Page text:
Obama Addresses Shortage of Primary Care Doctors at Town Hall Meeting

August 14, 2009

President Obama continued to talk about his goal of overhauling the US healthcare system as a town hall meeting held this past Tuesday in Portsmouth, NH, a discussion that included the topic of the nation’s “severe shortage” of primary care physicians.

President Obama continued to talk about his goal of overhauling the US healthcare system as a town hall meeting held this past Tuesday in Portsmouth, NH, a discussion that included the topic of the nation’s “severe shortage” of primary care physicians.

President Obama’s plan would require all Americans to have health insurance, a plan that has left many medical professionals and citizens alike concerned about who will be caring for all of the newly insured patients if the bill were to pass. In his town hall meeting Tuesday, Obama addressed these concerns, stating that he is aware of the lack of primary care physicians but that he has no set way to go about addressing the great demand that will arise should universal healthcare be adopted.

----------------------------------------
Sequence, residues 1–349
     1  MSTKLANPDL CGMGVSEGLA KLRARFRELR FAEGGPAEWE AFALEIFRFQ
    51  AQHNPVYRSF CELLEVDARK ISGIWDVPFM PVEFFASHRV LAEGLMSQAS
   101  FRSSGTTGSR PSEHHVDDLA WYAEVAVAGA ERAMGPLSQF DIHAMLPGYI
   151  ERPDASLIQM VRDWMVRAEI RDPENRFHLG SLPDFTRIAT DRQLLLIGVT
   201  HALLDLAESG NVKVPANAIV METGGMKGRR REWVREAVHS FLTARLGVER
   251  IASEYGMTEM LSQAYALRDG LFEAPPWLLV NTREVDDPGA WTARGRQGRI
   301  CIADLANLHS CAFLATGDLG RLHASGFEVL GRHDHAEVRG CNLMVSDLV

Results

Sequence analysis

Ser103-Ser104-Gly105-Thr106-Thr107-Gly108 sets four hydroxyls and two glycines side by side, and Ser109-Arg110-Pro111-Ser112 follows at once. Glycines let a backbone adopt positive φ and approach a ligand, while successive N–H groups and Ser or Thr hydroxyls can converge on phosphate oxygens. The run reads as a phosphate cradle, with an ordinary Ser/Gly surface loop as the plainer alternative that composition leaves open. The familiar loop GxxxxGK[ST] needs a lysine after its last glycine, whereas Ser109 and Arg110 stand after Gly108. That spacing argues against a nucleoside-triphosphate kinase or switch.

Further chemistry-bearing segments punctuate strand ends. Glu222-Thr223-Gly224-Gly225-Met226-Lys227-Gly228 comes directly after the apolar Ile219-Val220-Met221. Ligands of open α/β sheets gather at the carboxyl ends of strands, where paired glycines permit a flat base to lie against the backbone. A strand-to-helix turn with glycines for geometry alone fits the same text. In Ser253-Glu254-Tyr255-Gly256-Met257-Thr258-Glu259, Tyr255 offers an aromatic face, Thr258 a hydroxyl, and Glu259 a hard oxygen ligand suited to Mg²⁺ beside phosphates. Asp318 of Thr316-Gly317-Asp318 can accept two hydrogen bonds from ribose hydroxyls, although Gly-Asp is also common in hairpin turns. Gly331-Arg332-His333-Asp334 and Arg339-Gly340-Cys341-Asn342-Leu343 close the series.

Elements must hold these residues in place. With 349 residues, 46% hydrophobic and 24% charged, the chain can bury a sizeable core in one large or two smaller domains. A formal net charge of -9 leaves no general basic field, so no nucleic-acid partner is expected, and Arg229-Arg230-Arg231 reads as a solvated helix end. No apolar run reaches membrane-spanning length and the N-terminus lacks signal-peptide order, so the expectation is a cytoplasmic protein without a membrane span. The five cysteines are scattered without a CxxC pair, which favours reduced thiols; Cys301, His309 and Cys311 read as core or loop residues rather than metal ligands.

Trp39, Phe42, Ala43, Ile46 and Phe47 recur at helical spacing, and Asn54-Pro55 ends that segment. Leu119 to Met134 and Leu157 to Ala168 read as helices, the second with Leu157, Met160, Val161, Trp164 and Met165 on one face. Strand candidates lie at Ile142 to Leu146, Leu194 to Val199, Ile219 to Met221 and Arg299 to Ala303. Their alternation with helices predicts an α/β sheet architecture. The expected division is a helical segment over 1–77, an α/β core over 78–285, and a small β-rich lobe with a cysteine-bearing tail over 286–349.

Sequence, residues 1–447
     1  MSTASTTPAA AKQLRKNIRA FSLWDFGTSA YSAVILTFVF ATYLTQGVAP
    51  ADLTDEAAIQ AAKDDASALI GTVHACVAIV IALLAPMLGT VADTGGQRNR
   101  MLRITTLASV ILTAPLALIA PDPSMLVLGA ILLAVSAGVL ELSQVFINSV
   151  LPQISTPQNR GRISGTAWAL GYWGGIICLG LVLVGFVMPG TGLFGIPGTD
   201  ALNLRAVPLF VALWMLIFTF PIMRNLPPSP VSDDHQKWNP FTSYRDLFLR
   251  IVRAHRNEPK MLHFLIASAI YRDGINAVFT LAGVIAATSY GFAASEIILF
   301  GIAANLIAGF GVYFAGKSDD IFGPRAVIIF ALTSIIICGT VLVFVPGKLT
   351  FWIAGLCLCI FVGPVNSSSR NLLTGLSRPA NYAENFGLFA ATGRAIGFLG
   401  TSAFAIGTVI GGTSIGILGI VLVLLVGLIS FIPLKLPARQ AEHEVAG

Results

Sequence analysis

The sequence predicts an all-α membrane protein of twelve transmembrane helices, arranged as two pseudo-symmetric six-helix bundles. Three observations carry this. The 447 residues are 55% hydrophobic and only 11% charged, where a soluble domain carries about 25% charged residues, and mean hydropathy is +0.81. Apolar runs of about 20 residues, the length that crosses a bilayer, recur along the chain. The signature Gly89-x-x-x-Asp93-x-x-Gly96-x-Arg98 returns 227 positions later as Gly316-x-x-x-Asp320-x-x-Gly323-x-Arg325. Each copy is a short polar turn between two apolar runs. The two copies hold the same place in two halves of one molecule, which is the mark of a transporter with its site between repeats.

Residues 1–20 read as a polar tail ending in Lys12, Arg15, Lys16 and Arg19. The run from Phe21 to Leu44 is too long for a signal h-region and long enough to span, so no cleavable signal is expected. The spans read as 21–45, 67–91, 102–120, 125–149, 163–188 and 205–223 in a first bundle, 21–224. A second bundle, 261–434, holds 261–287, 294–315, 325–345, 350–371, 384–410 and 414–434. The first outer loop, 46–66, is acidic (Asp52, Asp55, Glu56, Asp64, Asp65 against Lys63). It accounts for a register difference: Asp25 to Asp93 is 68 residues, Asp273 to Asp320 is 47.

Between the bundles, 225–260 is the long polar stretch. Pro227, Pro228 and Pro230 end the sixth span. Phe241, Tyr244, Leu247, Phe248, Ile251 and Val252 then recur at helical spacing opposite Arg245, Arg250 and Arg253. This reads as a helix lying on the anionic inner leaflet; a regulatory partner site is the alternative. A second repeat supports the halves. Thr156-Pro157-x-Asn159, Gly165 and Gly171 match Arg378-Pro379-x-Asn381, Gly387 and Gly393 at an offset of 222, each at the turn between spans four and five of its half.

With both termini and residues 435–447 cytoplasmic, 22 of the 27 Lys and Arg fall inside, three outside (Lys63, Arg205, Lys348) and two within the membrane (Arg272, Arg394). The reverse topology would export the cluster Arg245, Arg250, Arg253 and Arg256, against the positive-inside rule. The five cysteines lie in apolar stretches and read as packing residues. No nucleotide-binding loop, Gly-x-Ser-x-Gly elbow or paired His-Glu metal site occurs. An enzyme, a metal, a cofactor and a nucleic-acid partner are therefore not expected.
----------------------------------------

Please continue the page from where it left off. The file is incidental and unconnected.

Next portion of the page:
“I don’t have a simple solution for this,” he said, noting “constant” nurse and primary care physician shortages, according to a live blog that covered the president’s meeting. “They should be the front lines of the medical profession.”

Massachusetts adopted a mandate that began on July 1, 2007 that requires all state residents to “obtain and maintain health insurance that meets minimum coverage requirements.” Individuals who could not prove that they had obtained health insurance by December 31, 2007 lost their personal income tax exemption when their 2007 income taxes were filed. People in the state who still had failed to obtain health insurance in 2008 were fined for every month that they went without. Under President Obama’s plan, a similar system of fines and penalties would be adopted for those who do not obtain health insurance.

At the town hall meeting, President Obama did suggest a number of options that may encourage more doctors and/or medical students to become primary care physicians.

One “of the things we can do is to reimburse doctors who are providing preventive care and not just the surgeon who provides care after somebody is sick,” he said, according to the Wall Street Journal. In addition, he suggested “helping pay for medical education for those who are willing to go into primary care.”

To review the part of the House bill on healthcare reform that addresses a “primary care training and capacity building program,” click here.